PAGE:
Joseph Finger

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Houston City Hall

Joseph Finger (1887–1953) was an Austrian-born architect most active in Texas in the 1930s and 1940s, responsible for a number of Houston Art Deco landmarks.

Finger was born in Bielitz, Austria (now Bielsko, Cieszyn Silesia, Poland) and was educated there. Moving to the United States in 1905, Finger settled first in New Orleans then moved to Houston, Texas, three years after. After years in different partnerships, Finger opened his own office from 1923 to 1944.

Finger was the father of Joseph Seifter Finger, a landscape architect and golf-course designer also locally active.


Finger's major work is undoubtedly the 1939 Houston City Hall, designed in a stripped classical style. In response to criticism from Houston mayor R. H. Fonville, who wanted a style with more classical reference, Finger said, "Here in America we are rapidly developing our own type of architecture which is far above that of foreign countries. We are building for the masses, not the classes."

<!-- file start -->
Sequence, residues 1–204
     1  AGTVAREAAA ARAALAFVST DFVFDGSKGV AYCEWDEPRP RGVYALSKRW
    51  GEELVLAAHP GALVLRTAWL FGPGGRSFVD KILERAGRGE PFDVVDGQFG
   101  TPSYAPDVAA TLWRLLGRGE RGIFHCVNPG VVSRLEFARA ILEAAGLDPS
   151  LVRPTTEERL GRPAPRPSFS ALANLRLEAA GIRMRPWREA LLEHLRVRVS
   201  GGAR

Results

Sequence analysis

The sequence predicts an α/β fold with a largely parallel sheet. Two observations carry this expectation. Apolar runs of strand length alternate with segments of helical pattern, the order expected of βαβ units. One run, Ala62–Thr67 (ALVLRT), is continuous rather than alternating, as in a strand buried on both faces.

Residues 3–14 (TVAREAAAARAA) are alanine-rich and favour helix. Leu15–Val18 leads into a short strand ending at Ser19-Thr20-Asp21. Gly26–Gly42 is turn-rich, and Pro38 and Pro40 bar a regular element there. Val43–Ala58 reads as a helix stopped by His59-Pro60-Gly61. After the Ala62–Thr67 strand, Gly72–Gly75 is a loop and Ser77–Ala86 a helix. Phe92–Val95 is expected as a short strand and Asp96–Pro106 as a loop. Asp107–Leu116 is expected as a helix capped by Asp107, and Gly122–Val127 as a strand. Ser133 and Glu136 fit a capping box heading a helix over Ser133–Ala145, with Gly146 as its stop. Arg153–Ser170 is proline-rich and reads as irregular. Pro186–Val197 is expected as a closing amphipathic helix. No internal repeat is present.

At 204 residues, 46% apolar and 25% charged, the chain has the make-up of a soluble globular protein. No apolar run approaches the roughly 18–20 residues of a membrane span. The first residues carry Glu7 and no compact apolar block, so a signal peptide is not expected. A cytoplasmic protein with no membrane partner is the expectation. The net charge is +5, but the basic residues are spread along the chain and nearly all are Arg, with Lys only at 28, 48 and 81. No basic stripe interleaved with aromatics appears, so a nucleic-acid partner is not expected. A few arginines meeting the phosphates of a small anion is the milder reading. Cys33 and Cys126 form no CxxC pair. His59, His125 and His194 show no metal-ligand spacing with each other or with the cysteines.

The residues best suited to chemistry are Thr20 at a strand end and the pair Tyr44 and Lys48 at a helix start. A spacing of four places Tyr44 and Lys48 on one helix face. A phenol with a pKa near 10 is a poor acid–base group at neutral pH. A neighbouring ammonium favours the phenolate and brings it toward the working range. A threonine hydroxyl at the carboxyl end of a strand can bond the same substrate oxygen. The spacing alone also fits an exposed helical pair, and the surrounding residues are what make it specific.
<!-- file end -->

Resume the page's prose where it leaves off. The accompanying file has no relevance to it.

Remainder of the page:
Above the lobby entrance of the City Hall is a stone relief of two men taming a wild horse, symbolizing a community coming together to form a government to tame the world around them. This sculpture, and the twenty-seven other friezes around the building, were done by Beaumont artist Herring Coe and co-designer Raoul Josset.

As the city's foremost Jewish architect in his time, Finger designed many Jewish landmarks, including the 1925 Congregation Beth Israel Temple, now the Heinen Theatre.

Interior of the James M. and Jessie West Mansion

Finger's other work includes:

  • Texas State Hotel (Now Club Quarters) Houston, 1929
  • Montgomery County Courthouse, Conroe, Texas, 1935
  • Heights State Bank (later became Rockefeller's, a major Houston music venue)
  • Houston Municipal Airport Terminal, now the 1940 Air Terminal Museum
  • Harris County Courthouse, Houston, 1953 (with partner Rustay, his last design)
  • Barker Brothers Studio, Houston, 1931 now Lawndale Art Center
  • James M. and Jessie West Mansion, Houston, 1929

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